Everyone has seen photos of regimented offices from the 1940s, where rows of office staff, each with their allocated desks, tap away on typewriters or fill in paperwork. But strip away the machines, furniture and fashions and you’re left with a system that is still in use all around the world: one employee, one desk.

Today this model of running an office is being challenged by more flexible and human-friendly office philosophies, facilitated by technologies such as Wi-Fi and the changing expectations of workers and employers. Two of the methodologies that have risen to the top of the list are “hot desking” and “agile working”. Both offer flexibility and efficiency to a business, and both are generally popular among staff, making them a win-win solution.

Both systems can run alongside a wider philosophy of flexible working that employees in many industries now expect, and as a result, serviced office providers are offering plenty of options for companies taking a more flexible approach.

What is hot desking?

Hot desking is where employees all work under a single roof, but the desks themselves are allocated on a first come, first-served basis. It’s possible that a given employee in a hot desking office might work on a different desk every day for weeks. Indeed, “desks” might not even be individual pieces of furniture as such – the desk could be a large table where staff pick a spot and get working.

Advantages of hot desking

Efficiency

Hot desking is an efficient use of space for a business. Remember that most employees will have about four weeks’ leave every year, so once you have more than 12 employees, there’s a good chance that there will be one vacant desk on any given day, if desks are allocated individually. Hot desking means that companies only need to supply enough desk space for the number of employees that are working on an average day, and that can cut the amount of space required.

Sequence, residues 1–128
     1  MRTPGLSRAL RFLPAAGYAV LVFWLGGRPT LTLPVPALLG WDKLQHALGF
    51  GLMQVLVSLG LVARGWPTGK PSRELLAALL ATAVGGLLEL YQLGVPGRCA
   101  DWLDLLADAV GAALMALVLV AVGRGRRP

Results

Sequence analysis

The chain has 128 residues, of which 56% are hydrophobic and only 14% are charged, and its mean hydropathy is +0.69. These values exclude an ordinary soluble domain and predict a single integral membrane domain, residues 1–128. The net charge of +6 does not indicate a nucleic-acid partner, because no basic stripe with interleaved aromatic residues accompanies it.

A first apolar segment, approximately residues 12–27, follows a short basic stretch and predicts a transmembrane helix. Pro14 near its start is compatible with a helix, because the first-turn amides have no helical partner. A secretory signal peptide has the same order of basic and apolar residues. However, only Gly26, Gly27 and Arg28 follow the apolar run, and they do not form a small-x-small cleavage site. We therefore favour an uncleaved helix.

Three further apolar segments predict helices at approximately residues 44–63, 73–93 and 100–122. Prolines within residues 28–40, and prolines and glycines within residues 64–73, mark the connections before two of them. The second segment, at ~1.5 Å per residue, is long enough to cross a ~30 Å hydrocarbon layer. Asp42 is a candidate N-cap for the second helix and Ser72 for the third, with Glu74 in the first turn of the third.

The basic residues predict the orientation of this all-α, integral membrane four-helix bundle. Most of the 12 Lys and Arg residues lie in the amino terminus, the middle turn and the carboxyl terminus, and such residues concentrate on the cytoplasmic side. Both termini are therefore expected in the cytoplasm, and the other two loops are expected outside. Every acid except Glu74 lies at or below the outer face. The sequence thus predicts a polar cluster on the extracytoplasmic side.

Flexibility

Hot desking also allows teams to assemble if they’re working on a project together, and then form different teams the following day, with minimal disruption to the rest of the office.

Staff mixing

Employees sitting next to the same colleagues for years isn’t the best way to build a company with lots of internal networks and cross-fertilisation of ideas. It’s inevitable that sitting next to a mix of colleagues means staff get to know each other better, and this can help with coherence and team-building.

Challenges of hot desking

Privacy and quiet

Staff who are working with words or numbers often need silence to not lose their train of thought. It can be difficult to guarantee a quiet environment if the only desks available are next to teams talking to each other, unless designated quiet areas are set up. Those working on sensitive materials might also require a level of privacy that can’t be guaranteed in the hot desking environment.

Technology and bandwidth

Modern technology needs to be fully implemented if hot desking is to work. If desktop PCs are in use, they must be networked so that work is saved not on the hard drives but on a shared server or in the cloud, and every PC and phone should be accessible by all employees. If laptops are used, it’s essential that the Wi-Fi can cope with the demand, or that ethernet cables are supplied to every desk space.

Staff buy-in